Sun and heat were on the agenda for the KZ1 and KZ2 World Cups in Sarno. At the end of a briskly run Final which remained uncertain all the way to the chequered flag fell, the Dutchman Bas Lammers took his second World Cup in the senior category for gearbox karts. In KZ2, the Briton Jordon Lennox-Lamb took his chance and won the greatest victory of his career.1_Lammers_KZ1_Sarno2012_KSP.gif

In the lead after the Qualifying Heats, and then winner of the Prefinal, Ben Hanley (ART GP-TM) never stopped repeating, “The only thing to matter is your position at the end of the Final”. So the spectators eagerly awaited a battle royal over the 18 laps of the ultimate explosive confrontation. For some, hopes were reduced practically to nothing. Title-holder, the Belgian Jonathan Thonon (CRG-Maxter, victim of an engine failure resulting from overheating), his team-mate, and also a former winner, the Italian Davide Foré (CRG-Maxter, broken clutch) and the Frenchman Anthony Abbasse (Sodi-TM, broken wheel studs) had already lost any chance of standing on the top step of the podium during the Prefinal.

Thanks to a perfect start, Arnaud Kozlinski (PCR-TM) surprised pole-sitter Ben Hanley to take the lead as they made their first pass of the Parabolica. For two laps, the Frenchman led the dance, before Ben Hanley took back the lead in an incisive attack. But although it seemed that Ben Hanley would repeat his solo ride of the Prefinal, resistance was being organising behind the Briton. The Dutchman Bas Lammers (Praga-Parilla) also overtook Kozlinski to follow in the wake of the leader, whom he passed shortly before mid-race under braking for the Parabolica. Starting from 6th on the grid, Paolo De Conto (Birel-BMB) also succeeded in profiting from Hanley’s slipstream to overtake him, posting the fastest lap as he did so. Wheel to wheel, Lammers, De Conto and Hanley lapped at well over the average of 100 kph. Strategist to the end, Bas Lammers succeeded in closing all the doors to take his second World Cup. Paolo De Conto was three tenths behind and Ben Hanley just half a second from victory.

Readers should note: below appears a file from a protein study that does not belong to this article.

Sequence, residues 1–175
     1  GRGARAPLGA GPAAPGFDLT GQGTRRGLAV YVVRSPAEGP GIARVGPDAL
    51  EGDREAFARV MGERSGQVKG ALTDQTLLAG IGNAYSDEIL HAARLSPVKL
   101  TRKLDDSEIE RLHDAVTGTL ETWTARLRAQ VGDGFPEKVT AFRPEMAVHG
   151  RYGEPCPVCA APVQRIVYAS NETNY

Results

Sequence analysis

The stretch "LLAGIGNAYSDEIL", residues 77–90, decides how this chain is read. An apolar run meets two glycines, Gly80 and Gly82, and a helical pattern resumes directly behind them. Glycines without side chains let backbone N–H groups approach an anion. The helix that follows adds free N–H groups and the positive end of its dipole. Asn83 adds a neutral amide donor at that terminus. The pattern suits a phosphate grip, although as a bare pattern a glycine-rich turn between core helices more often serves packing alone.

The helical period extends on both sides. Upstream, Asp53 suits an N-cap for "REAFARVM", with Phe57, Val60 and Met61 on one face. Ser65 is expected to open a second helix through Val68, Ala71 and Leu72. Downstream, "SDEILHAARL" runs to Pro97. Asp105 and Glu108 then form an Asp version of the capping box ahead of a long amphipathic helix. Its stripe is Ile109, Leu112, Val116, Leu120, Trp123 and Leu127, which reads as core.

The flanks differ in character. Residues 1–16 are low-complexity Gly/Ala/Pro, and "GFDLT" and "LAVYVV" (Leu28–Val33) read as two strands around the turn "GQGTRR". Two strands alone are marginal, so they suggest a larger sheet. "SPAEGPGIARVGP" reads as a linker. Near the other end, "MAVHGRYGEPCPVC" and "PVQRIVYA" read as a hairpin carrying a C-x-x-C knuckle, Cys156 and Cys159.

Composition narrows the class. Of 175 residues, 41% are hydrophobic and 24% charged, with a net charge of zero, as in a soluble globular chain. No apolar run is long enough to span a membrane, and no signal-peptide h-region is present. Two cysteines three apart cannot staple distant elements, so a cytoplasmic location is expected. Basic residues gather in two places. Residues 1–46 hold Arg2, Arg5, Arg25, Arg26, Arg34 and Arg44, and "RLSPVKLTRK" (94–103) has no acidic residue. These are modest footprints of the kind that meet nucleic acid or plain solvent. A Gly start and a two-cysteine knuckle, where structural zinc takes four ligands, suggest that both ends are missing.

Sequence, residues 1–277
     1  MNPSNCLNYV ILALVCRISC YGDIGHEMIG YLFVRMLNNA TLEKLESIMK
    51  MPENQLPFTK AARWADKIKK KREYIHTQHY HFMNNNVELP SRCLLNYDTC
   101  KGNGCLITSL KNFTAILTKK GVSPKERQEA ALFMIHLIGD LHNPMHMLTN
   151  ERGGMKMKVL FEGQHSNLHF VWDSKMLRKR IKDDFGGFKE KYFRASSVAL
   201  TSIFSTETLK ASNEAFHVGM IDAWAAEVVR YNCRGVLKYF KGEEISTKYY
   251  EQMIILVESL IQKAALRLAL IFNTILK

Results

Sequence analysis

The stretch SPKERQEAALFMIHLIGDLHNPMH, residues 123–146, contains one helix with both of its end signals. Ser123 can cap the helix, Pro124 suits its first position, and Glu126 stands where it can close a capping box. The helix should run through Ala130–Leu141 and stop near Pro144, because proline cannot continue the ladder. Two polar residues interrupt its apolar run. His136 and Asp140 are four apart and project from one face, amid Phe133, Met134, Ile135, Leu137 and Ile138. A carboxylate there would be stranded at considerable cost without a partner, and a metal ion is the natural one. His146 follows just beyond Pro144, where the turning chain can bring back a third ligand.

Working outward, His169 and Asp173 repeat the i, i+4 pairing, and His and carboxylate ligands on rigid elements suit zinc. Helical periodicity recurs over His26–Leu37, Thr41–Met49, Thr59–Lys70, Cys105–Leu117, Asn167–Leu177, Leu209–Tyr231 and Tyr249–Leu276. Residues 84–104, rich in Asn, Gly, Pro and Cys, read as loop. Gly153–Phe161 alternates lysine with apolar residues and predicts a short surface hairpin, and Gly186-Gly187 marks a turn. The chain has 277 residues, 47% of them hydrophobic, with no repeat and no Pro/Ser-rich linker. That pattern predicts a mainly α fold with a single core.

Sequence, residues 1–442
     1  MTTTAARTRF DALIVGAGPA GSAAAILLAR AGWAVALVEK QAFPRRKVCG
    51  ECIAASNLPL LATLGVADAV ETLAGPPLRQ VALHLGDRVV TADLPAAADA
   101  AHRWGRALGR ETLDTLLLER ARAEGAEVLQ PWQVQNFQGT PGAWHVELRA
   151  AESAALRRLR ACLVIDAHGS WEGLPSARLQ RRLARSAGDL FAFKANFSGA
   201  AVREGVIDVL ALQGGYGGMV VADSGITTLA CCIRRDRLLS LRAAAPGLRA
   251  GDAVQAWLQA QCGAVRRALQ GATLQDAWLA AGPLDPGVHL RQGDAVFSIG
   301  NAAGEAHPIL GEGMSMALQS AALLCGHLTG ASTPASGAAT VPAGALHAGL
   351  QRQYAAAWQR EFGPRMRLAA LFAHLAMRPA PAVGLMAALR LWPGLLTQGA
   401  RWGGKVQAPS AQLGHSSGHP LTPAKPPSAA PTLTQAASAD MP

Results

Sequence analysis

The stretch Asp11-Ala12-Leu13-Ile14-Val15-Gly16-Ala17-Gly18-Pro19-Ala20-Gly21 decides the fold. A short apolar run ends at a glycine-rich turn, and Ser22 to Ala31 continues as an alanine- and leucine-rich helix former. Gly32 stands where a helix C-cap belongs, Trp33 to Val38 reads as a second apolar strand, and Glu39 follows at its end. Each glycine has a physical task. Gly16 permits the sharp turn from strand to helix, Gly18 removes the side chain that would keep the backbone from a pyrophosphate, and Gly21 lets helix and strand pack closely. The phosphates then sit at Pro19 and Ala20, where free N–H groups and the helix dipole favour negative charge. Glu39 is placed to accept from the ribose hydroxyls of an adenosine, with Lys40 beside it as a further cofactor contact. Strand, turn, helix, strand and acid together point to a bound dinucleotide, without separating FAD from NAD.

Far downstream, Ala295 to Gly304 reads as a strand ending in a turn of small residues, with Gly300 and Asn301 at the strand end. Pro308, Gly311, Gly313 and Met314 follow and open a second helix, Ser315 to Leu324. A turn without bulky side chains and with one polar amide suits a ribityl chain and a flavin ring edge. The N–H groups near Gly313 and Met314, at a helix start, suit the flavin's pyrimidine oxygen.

It’s incredible to win this race for the second time,” said the Dutchman excitedly. “Two years ago, my first win came in difficult circumstances, because my father had just died. Exactly two years later, I win again and I am really extremely happy. With Praga, I am involved in a new team and this success proves that we have worked well.

In a race as intense as that, second was also a great result. So Paolo De Conto was torn between disappointment and satisfaction. “I probably lost the World Cup in my second Qualifying Heat, when I had a puncture,” the Italian recalled. “That forced me to start from 13th in the Prefinal. I was able to climb back to 6th, but in the Final I was only 7th at the end of the first lap. In addition to that I made a small mistake in the last laps by touching a kerb. Bas took advantage to gain a few metres on me and I could no longer attack.

On the lowest step of the podium, Ben Hanley also had a few regrets after winning all of his Qualifying Heats and the Prefinal. “On a weekend like this I know all too well that the only race that really counts is the last,” he explained. “I would have preferred to be 3rd in the Heats and the Prefinal and to win this one. But I have to congratulate Bas for his race! On the other hand, it is the first season for ART GP, in which I am very much involved, and this result is a positive for the future.